Diffuse Axonal Injury

Diffuse axonal injury (DAI) is one of the most common and devastating types of traumatic brain injury, meaning that damage occurs over a more widespread area than in focal brain injury. DAI, which refers to extensive lesions in white matter tracts, is one of the major causes of unconsciousness and persistent vegetative state after head trauma. It occurs in about half of all cases of severe head trauma and also occurs in moderate and mild brain injury.

The outcome is frequently coma, with over 90% of patients with severe DAI never regaining consciousness. Those who do wake up often remain significantly impaired.

Nowadays, other authors state that DAI can occur in every degree of severity from (very) mild or moderate to (very) severe. Concussion may be a milder type of diffuse axonal injury.

Read more about Diffuse Axonal Injury:  Mechanism, Characteristics, Diagnosis and Treatment, Potential Treatments, History

Other articles related to "diffuse axonal injury, diffuse, injury":

Head Injury - Classification - Diffuse Axonal Injury
... Diffuse axonal injury, or DAI, usually occurs as the result of an acceleration or deceleration motion, not necessarily an impact ...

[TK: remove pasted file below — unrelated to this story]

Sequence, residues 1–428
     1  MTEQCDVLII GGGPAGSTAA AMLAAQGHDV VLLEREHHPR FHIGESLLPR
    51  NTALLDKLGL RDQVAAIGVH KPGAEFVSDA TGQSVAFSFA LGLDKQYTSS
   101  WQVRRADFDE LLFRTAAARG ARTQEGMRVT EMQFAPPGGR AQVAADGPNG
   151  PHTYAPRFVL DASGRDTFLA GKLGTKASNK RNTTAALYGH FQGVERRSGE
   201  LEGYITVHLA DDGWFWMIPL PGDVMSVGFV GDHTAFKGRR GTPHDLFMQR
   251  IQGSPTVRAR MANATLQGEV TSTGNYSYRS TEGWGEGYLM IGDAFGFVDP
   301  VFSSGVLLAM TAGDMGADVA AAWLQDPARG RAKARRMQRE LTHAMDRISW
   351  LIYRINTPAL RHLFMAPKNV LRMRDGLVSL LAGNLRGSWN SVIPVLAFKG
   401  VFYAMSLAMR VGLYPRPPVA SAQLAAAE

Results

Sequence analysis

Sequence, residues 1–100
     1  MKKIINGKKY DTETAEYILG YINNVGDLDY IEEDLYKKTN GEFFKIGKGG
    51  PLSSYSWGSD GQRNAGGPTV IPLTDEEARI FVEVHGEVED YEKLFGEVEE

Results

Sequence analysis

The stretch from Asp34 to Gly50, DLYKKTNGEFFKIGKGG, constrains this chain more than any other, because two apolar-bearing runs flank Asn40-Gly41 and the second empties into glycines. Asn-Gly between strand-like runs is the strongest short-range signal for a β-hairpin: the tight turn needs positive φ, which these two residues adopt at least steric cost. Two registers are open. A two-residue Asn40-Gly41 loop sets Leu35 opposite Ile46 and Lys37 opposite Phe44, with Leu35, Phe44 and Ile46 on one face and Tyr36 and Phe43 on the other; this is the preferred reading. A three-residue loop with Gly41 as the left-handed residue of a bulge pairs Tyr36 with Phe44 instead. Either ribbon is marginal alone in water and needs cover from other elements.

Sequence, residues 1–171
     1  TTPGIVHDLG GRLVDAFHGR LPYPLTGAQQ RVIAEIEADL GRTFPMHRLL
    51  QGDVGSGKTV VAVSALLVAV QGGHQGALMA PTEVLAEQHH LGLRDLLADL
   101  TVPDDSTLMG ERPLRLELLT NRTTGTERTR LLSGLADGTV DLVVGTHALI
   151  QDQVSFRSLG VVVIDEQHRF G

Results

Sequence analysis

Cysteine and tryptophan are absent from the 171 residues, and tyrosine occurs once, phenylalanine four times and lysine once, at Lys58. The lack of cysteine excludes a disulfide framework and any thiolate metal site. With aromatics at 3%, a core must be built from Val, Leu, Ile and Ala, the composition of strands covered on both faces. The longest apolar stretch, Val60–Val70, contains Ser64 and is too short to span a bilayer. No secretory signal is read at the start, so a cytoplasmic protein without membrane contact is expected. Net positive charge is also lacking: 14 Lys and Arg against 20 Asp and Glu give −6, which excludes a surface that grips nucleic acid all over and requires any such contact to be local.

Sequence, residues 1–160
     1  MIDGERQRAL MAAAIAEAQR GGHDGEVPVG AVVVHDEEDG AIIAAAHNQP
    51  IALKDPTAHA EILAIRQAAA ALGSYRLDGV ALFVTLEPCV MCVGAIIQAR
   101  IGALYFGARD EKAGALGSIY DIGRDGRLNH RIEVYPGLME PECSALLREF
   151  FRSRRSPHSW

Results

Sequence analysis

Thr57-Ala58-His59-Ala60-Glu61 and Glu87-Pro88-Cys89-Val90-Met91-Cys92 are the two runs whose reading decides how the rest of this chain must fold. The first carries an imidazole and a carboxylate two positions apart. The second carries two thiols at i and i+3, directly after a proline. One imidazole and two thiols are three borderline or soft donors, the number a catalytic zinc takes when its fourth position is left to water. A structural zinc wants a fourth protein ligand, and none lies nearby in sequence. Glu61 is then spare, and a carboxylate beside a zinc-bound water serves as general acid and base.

Diffuse Axonal Injury - History
... Strich first proposed the idea in 1956, calling it diffuse degeneration of white matter, but that was too long so they just call it, "Diffuse axonal injury", or ...
Traumatic Brain Injury - Classification - Pathological Features
... Damage from TBI can be focal or diffuse, confined to specific areas or distributed in a more general manner, respectively ... However, it is common for both types of injury to exist in a given case ... Diffuse injury manifests with little apparent damage in neuroimaging studies, but lesions can be seen with microscopy techniques post-mortem, and in the early 2000s, researchers discovered that diffusion tensor ...

Famous quotes containing the words injury and/or diffuse:

    A great proportion of architectural ornaments are literally hollow, and a September gale would strip them off, like borrowed plumes, without injury to the substantials.... What if an equal ado were made about the ornaments of style in literature, and the architects of our bibles spent as much time about their cornices as the architects of our churches do? So are made the belles-lettres and the beaux-arts and their professors.
    Henry David Thoreau (1817–1862)

    [T]he syndrome known as life is too diffuse to admit of palliation. For every symptom that is eased, another is made worse. The horse leech’s daughter is a closed system. Her quantum of wantum cannot vary.
    Samuel Beckett (1906–1989)